Downy mildew – appears under leaves and grey in colour
Mosaic virus – mottling on leaves, stunted plant growth and ill thrifty fruit
Scab – self explanatory and less common in NZ

Different styles of Cucumber:
Tendergreen (ORG), English Greengrocer F1, Green Dragon F1, Oriental Soo Yoh and Tasty Queen F1
Determined by length 30cm (12”) long, thin skinned, non bitter, seed bland or under developed.

Marketmore (ORG), Lombardy White, Spacemaster
Length 20cm (8”) long, shorter/ fatter/ more compact than Telegraph with thicker skin - would generally peel these varieties.

Homemade Pickles, Pick a Bushel F1
Harvest at smaller size for pickling

Lemon (ORG), Crystal Apple, Poona Kheera
Non conventional cucumbers

Eun Cheon F1, Oriental Soo Yoh, Tasty Queen F1
Creamier coloured flesh (as opposed to white) with thinner skin
Traditional Japanese style of cucumber used for pickles
Slightly ribbed skin.

Diva F1
15 to 20cm

Iznik F1 (10cm)
Lebanese Medici F1
Paska F1

Cucumbers are very adaptable and have been grown in diverse places such as space and underground in a nickel mine.
During the 1st century AD, Roman gardeners fashioned frames and covered them with panes of silicates. This diffused light and was used as we now use cold frames.
Physicians of the 17th century prescribed placing fever patients on a bed of cucumbers which is where the term "cool as a cucumber" originates from.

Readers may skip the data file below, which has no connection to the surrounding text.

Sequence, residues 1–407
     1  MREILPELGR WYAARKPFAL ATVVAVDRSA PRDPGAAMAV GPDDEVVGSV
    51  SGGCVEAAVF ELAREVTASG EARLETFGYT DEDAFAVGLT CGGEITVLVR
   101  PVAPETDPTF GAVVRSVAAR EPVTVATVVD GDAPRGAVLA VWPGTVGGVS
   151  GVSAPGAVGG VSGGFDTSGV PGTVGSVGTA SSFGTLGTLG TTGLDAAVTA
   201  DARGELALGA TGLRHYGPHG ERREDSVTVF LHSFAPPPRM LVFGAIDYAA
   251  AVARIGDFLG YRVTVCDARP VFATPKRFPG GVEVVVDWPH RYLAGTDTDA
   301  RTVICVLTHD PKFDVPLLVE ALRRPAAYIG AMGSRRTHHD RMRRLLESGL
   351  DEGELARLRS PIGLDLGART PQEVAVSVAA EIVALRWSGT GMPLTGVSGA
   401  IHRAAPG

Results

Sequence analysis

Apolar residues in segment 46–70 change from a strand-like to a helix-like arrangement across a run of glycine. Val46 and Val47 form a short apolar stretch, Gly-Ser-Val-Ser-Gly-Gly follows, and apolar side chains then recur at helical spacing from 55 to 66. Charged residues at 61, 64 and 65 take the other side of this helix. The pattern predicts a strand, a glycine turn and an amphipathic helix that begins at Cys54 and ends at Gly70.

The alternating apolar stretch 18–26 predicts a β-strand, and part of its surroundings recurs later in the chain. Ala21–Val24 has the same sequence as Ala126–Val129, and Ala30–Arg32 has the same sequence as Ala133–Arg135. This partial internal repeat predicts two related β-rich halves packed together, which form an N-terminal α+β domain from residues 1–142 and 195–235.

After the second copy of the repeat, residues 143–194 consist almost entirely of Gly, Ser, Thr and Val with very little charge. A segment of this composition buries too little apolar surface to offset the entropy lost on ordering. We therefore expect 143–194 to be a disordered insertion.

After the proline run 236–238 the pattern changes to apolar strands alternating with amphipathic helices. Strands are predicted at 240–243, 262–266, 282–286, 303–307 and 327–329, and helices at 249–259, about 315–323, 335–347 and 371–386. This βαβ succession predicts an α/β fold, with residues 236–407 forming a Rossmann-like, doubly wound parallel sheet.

The most famous pickled cucumber of the 19th century was the one first preserved by HJ Heinz of Pittsburgh. Heinz began bottling pickles in 1870 to provide a tasty addition to the monotonous diet of meat and potatoes. His idea was not only an instant success, it also spurred interest in cucumber hybridization.

  • Rubbing a cucumber slice over your bathroom mirror eliminates the fogging up.
  • Place a few slices in a small aluminium pie tin to repel bugs and slugs. Apparently the cucumber and aluminium give off a scent that makes pests flee the area.
  • Fight the afternoon or evening snack craving by eating cucumber. They are a good energy restorer and beat that coffee or tea caffeine fix, lasting for several hours.
  • Avoid a hangover or headache by eating a few slices before going to bed. The sugar, B vitamins and electrolytes replenish the nutrients your body needs.
  • Give your shoes a quick polish with a slice of cucumber. Provides a great shine that also repels water.
  • Fix a squeaky hinge by rubbing it with a cucumber slice.
  • Eliminate bad breath by pressing a slice of cucumber to the roof of your mouth for 30 seconds.
  • Clean taps, sinks and stainless steel with a slice of cucumber. Apparently it even removes tarnish and leaves no streaks.
  • Run the outside of a cucumber over pen, crayon or marker writing. It will slowly remove those adorable scribbles made by small people on your walls.

If your cucumbers have grown too big, cut the skin off and scoop the seed out. This just leaves the solid sweet flesh to use which is good in salads, sandwiches and salsa.